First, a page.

The Starfighter's fuselage had a high fineness ratio, i.e., tapering sharply towards the nose, and a small frontal area. The fuselage was tightly packed, containing the radar, cockpit, cannon, all fuel, landing gear, and engine. This fuselage and wing combination provided extremely low drag except at high angle of attack (alpha), at which point induced drag became very high. As a result the Starfighter had excellent acceleration, rate of climb and potential top speed, but its sustained turn performance was very poor, described by some as more like a milk truck than a fighter. It was sensitive to control input, and extremely unforgiving of pilot error.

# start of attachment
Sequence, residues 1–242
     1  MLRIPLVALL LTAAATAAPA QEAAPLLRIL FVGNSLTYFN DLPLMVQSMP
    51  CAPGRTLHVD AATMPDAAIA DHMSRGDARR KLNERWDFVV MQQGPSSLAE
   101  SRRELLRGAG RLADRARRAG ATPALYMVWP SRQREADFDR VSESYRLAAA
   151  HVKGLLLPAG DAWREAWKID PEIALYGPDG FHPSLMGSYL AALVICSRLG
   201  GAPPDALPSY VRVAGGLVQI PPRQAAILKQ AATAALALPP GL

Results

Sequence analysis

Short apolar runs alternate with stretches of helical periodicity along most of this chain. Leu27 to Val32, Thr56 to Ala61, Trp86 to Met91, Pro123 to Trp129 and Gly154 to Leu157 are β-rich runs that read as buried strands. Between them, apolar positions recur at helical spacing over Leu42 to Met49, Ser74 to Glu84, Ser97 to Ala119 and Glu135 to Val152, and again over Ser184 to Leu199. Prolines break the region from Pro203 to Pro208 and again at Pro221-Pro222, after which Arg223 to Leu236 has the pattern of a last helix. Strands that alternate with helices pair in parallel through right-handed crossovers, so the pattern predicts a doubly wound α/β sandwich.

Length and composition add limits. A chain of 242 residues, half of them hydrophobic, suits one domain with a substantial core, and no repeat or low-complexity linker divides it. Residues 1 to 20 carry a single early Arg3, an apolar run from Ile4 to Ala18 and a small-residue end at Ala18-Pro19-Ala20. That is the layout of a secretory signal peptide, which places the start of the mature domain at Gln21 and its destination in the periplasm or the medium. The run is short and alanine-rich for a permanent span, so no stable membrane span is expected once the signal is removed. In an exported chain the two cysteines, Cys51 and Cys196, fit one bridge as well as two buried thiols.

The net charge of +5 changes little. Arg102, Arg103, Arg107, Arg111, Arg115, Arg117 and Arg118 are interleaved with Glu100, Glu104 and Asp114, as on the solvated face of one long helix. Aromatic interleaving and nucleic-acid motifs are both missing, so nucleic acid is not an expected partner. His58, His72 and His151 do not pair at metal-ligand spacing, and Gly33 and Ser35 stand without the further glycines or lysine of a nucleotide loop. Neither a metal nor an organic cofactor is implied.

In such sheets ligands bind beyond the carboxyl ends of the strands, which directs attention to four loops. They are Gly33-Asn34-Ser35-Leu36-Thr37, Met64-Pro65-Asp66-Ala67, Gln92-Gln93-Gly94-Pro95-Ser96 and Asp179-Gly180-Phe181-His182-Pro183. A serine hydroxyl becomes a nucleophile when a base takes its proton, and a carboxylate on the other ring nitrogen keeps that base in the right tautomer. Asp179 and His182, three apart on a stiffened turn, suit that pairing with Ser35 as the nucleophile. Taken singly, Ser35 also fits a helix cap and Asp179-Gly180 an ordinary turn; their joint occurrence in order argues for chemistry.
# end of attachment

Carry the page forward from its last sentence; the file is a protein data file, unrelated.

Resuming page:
NACA wind tunnel tested a model of the F-104 to evaluate its stability, and found it became increasingly unstable at higher angles of attack, to the point that there was a recommendation to limit the servo-control power that generated those higher angles, and shake the stick to warn the pilot. In the same report, NACA stated that the wingtip tanks, possibly because of their stabilizing fins, reduced somewhat the model's instability problems at high angles of attack.


The F-104 was designed to use the General Electric J79 turbojet engine, fed by side-mounted intakes with fixed inlet cones optimized for supersonic speeds. Unlike some supersonic aircraft, the F-104 does not have variable-geometry inlets. Its thrust-to-drag ratio was excellent, allowing a maximum speed well in excess of Mach 2: the top speed of the Starfighter being limited more by the aluminium airframe structure and the temperature limits of the engine compressor than by thrust or drag (which gives an aerodynamic maximum speed of Mach 2.2). Later models used uprated marks of the J79, improving both thrust and fuel consumption significantly.

Ejection seat